Instant Playlist - September 6 2012
Point Your Pistols to the Sigh (Adult Swim)
Buzzing psychetronica menace like this can only be used to soundtrack two things: preparing for a night of doing unspeakable acts, and experiencing the inevitable crash afterward.
Hooray for Earth
It starts out sounding like it’s going to be a brain-drilling industrial assault, then shifts gears into a dreamily expansive noise-pop beauty. Feedback never sounded so sweet.
Only Fields (Butterscotch)
With its chiming bells and simple but plaintive melody, “Only Fields” is the kind of song you want comforting you when it feels like all that’s holding your heart together is Scotch tape and sheer will.
Saint Lou Lou
Maybe You (Kitsuné)
A shimmery little ballad that leaves us feeling all floaty in that first-love kind of way. And we’re not just saying that because Saint Lou Lou comprises gorgeous identical-twin sisters from Sweden. Hello!
The Well (We Will Change It All) (Trust Me)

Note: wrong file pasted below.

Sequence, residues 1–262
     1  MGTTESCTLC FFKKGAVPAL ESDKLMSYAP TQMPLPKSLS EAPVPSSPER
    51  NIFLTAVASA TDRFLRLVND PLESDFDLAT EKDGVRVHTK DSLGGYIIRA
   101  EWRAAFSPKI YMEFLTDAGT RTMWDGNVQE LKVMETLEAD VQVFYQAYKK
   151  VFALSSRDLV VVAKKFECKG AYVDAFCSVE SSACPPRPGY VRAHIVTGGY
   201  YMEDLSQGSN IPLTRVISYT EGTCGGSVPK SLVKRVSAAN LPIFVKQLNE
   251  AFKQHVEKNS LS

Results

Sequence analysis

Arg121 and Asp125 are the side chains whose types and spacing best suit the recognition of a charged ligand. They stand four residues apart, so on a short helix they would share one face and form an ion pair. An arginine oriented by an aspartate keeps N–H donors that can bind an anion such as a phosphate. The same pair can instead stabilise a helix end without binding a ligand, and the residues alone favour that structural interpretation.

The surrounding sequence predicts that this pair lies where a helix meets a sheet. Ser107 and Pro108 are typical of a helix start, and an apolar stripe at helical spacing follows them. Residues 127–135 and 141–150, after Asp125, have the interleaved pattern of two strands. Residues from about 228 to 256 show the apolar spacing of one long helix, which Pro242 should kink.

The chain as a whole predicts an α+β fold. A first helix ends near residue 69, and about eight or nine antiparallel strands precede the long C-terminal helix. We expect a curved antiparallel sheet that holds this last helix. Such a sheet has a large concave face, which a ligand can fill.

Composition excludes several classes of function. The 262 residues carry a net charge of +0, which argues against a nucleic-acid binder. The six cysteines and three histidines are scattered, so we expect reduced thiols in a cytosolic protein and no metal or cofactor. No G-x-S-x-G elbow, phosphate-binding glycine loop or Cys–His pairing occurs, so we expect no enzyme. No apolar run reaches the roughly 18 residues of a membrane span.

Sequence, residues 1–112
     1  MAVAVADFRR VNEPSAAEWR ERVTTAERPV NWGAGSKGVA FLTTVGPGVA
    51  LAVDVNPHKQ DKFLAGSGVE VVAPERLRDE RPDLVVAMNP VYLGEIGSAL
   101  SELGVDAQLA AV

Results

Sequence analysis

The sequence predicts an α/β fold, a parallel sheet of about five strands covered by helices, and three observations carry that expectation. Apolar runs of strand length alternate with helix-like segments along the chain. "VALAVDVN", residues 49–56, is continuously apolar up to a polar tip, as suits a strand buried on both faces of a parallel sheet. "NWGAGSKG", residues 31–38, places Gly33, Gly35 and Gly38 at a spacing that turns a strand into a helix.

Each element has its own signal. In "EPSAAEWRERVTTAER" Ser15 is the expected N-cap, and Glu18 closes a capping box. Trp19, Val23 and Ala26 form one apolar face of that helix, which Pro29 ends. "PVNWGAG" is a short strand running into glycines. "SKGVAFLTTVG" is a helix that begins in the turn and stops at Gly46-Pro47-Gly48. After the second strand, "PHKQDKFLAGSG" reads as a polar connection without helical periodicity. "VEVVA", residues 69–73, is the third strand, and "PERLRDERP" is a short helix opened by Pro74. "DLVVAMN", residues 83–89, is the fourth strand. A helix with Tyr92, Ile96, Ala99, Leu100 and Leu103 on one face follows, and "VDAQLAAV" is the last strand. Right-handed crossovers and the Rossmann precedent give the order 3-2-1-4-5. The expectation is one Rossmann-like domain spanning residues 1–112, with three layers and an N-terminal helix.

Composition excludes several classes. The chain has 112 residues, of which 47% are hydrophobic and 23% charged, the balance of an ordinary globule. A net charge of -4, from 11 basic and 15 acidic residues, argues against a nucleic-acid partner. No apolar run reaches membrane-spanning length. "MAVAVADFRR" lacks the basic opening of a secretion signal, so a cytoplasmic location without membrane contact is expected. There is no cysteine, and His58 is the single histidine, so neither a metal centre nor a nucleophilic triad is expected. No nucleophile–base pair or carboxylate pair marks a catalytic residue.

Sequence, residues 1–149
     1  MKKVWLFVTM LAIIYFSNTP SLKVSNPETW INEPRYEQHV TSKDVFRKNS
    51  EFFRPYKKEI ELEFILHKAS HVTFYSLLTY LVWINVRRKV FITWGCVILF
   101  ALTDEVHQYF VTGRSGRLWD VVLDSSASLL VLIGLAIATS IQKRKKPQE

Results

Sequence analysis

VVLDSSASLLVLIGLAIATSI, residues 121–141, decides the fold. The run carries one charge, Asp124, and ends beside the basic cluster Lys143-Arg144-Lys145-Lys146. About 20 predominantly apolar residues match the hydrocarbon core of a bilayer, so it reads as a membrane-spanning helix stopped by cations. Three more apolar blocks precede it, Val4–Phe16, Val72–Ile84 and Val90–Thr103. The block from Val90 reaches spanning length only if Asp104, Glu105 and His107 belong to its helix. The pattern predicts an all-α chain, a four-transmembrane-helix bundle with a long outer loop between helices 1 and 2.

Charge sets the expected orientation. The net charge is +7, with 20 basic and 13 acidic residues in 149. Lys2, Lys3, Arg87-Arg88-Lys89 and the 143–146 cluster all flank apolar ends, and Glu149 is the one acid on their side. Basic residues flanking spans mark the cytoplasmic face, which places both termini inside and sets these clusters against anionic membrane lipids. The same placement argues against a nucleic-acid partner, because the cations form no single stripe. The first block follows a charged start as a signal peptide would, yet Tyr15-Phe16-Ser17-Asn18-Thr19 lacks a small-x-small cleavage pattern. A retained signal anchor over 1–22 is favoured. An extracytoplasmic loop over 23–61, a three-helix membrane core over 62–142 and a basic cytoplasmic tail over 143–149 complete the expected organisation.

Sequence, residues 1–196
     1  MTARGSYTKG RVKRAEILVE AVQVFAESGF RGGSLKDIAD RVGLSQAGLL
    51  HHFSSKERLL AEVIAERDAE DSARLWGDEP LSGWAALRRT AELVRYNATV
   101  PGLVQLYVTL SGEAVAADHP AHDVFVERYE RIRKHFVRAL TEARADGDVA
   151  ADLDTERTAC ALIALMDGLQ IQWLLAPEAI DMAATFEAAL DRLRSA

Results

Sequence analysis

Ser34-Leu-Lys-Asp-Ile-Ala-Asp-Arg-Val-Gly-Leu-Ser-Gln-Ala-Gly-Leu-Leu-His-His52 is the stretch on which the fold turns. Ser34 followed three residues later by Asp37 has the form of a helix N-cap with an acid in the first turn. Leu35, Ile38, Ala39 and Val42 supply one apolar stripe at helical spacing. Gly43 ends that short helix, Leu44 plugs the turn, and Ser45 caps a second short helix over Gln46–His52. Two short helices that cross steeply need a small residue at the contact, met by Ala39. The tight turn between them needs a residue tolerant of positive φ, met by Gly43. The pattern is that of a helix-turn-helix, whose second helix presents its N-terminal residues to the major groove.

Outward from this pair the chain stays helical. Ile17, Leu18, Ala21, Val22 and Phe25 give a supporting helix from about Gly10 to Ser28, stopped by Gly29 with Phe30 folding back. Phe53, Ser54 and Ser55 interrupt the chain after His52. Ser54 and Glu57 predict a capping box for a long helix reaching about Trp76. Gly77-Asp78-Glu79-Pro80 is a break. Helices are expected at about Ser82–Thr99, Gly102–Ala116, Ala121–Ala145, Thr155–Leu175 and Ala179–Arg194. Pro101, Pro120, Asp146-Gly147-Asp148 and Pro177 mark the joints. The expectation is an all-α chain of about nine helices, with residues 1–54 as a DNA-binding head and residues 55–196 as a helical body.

Chilled-out electro pop from Berlin (via Norway), carried along by percolating synth-bass and lyrics like “We want the water from a deeper well.” No idea what that means, but it sounds profound.
The Fate of Souls After Death (Candlelight)
Bleak, caustic, and monumentally fucking depressing, a song like “The Fate of Souls After Death” could only have emerged from somewhere as monumentally fucking depressing as Manchester.
Generations (Stones Throw)
When the robots finally tear down our cities and rebuild them to suit their own soulless purposes, the synthetic arpeggios of “Generations” will be the soundtrack.
And when the surviving remnants of humankind finally pull themselves out from the rubble and survey the landscape, this minor-key electro lament just might make everything seem a bit better.
The Descent (Merge)
Bob Mould shamelessly plunders his own past to write a surging-guitar rocker that sounds like a Sugar B-side. Of course, when you laid the foundation, you’re entitled to build on it.
The Base (Matador)
Ditching the Julian Plenti nom de rock, Interpol frontman Paul Banks delivers a moody number that seems like a small part of a larger picture. In other words, give us more, more, more.
I Belong in Your Arms (Japanese Version) (Columbia)
Sure, Chairlift already released this song eight months ago on the Something album. But this version is in Japanese! Super kawaii!